Technology is changing the way people travel. We research destinations online, book flights and hotels online, rent cars online, and search for directions on our smartphones while standing on busy city streets or rattling around in taxis. So it's interesting that one of the dominant trends in travel today has nothing to do with tech.
Modern travelers are seeking out unplugged, authentic, and human experiences that offer a rich perspective into the local way of life. They're willing to travel off the beaten path for up-close-and-personal experiences that are rooted in a specific location. The thirst for localized travel experiences is driven by a number of factors. Here's what's informing the localization trend.
Travelers are emphasizing cultural immersion.
This is true for all travelers, but especially millennials. The desire to experience a new culture is now one of the largest motivations to travel. Travelers want to eat local cuisine, drink at local watering holes, take local transportation, explore local hotspots instead of over-hyped attractions, shop for local handicrafts, interact with local people, and fully immerse themselves in an alternate way of life. Many travelers forego hotels entirely for home stays with local families.
Travelers want to be present.
Over the past five years there's been a lot of handwringing about the loss of vacation time. Americans have been taking less vacation and working more even when they're on vacation. But travelers' thirst for a sense of place may be changing that. Increasingly, travelers want to unplug during their vacations. They don't want to work during their travels. They want to be present with the locality where they are. They want to have the time, energy, and presence of mind to make an emotional connection with authentic aspects of their destination.
Travelers value authenticity.
Gone are the days when travelers were content to shop for tacky souvenirs and eat at the nearest international McDonald's. Tourist traps and hyper commercialized spaces just don't cut it. Instead, travelers crave authenticity. And they're willing to travel beyond traditional destinations to find it. This might mean avoiding tourist spots in popular cities such as Berlin and London and seeking out more unique experiences--such as enjoying a meal in a local's home--instead. Or it might mean avoiding popular cities entirely and traveling to lesser-known destinations such as Riga, Latvia or El Bolsón, Argentina. The point is that travelers aren't content to do what every traveler before them has done. They want an experience that is unique and authentic to the place where they're traveling.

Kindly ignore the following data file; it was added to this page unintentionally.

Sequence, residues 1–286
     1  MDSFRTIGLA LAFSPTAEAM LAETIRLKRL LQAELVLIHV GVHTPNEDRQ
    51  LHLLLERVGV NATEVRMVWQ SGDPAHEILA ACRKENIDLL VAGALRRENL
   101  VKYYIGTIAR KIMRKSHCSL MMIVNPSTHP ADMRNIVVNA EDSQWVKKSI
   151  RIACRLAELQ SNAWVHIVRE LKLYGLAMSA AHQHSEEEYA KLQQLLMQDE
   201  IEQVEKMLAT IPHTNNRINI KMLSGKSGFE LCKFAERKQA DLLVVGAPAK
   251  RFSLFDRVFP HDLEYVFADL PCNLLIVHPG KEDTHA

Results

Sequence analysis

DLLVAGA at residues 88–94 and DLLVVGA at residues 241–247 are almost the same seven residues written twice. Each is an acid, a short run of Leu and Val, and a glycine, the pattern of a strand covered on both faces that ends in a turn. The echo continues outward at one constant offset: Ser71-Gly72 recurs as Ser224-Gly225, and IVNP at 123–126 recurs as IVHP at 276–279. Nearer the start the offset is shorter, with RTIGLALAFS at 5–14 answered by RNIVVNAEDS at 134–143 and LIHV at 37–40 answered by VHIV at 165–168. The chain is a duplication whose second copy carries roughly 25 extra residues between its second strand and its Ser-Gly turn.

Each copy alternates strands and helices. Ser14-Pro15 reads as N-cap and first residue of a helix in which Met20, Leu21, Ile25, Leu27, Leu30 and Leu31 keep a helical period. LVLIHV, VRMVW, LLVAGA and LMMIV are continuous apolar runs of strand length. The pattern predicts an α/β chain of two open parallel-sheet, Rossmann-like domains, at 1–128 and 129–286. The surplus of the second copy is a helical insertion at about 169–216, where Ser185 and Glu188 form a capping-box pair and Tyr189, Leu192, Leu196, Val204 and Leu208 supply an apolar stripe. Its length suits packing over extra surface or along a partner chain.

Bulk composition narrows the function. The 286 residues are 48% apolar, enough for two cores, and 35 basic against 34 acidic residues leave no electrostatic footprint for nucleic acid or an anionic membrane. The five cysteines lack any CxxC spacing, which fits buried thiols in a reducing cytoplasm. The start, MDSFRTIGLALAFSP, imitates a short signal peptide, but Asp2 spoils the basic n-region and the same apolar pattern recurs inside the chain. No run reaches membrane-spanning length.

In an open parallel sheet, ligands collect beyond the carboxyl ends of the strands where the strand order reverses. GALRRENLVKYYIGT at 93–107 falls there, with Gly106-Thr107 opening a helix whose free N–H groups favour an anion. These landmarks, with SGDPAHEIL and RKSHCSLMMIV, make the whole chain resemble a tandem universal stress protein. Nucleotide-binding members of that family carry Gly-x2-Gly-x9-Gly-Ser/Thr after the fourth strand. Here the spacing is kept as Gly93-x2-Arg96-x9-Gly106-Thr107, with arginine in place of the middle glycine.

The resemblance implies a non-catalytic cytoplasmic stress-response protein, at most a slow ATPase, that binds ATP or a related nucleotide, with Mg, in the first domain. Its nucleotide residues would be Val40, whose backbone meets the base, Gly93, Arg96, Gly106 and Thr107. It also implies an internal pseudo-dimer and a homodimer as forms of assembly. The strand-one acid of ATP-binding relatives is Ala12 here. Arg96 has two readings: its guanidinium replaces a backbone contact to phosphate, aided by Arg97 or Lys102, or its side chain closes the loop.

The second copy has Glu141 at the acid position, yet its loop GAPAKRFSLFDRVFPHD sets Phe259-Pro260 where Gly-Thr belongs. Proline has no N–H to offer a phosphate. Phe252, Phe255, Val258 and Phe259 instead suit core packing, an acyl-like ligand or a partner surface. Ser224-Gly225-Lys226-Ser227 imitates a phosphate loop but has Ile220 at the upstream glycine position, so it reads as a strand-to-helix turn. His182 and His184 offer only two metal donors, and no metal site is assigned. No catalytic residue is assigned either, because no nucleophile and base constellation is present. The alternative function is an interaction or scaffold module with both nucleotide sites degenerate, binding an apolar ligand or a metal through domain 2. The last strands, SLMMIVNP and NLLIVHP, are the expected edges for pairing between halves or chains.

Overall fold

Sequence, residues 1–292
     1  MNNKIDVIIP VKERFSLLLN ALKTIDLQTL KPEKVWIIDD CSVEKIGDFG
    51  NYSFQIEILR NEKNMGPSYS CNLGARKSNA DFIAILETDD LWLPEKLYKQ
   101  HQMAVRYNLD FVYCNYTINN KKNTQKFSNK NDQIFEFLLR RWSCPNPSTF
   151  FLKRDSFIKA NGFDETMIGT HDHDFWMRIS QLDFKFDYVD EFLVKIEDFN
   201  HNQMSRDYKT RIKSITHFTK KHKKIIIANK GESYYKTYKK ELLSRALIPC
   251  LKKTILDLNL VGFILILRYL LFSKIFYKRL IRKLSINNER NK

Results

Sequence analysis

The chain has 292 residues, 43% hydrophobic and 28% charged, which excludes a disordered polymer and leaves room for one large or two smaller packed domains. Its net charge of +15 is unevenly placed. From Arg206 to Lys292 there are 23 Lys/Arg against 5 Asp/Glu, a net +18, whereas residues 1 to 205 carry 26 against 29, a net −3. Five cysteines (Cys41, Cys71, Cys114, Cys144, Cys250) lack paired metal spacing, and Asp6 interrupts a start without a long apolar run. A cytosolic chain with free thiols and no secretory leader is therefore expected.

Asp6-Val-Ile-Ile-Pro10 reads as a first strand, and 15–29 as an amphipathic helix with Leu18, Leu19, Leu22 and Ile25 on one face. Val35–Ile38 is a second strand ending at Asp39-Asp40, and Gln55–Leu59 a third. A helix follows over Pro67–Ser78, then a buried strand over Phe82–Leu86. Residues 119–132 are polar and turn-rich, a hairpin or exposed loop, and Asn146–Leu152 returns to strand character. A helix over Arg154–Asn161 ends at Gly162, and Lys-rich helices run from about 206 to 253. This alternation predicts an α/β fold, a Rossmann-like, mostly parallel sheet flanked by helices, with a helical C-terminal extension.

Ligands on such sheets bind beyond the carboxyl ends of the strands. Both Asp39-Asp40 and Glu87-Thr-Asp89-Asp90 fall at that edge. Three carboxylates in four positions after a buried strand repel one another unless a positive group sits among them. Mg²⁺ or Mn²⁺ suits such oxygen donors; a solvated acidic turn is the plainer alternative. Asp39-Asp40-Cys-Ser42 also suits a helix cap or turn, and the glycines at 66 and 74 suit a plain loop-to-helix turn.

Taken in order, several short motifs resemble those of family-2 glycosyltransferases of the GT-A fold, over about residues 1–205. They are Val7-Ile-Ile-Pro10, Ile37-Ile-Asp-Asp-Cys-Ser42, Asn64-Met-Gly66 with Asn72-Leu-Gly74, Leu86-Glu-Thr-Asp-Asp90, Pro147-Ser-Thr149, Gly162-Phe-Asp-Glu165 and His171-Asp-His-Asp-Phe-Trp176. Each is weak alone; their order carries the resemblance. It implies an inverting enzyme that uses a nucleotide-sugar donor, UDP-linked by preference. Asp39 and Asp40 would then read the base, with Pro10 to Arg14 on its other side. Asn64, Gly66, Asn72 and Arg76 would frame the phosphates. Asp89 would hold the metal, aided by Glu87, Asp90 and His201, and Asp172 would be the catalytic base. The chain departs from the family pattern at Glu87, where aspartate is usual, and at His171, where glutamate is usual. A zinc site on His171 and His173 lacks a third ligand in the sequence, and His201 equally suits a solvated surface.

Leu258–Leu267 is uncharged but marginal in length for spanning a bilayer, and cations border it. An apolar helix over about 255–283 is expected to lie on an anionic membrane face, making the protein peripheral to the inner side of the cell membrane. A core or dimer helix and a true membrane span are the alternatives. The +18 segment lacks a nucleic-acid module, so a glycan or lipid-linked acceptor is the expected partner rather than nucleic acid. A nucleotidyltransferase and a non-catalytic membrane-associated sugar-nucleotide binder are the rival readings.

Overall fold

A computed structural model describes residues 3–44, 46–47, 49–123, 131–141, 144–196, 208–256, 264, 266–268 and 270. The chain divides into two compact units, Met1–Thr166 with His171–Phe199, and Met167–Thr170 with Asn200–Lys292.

Travelers want to connect with human beings.
This might seem counterintuitive. More travelers than ever before are foregoing travel agents in exchange for mobile booking sites. And smartphones have made it easy to travel without interacting with other people. In spite of these developments, travelers still thirst for human connection. They want to interact with locals who reside in the area in which they're traveling and can add to the authentic feel of a trip. In fact, interactions with locals are a critical element of the cultural immersion modern travelers are seeking. Travelers also expect human service during their travels. They don't want to interact with an app if they need help. They want to connect with people. This helps explain the rise of city-based concierge services such as City CoPilot in New York City or One Concierge in LA. These companies provide a human connection and personal service informed by in-depth knowledge of the location in question. Sure, mobile tech is changing the way people travel. But so are human beings. The quest for genuine connections with people and place is at the forefront of the localization trend in travel.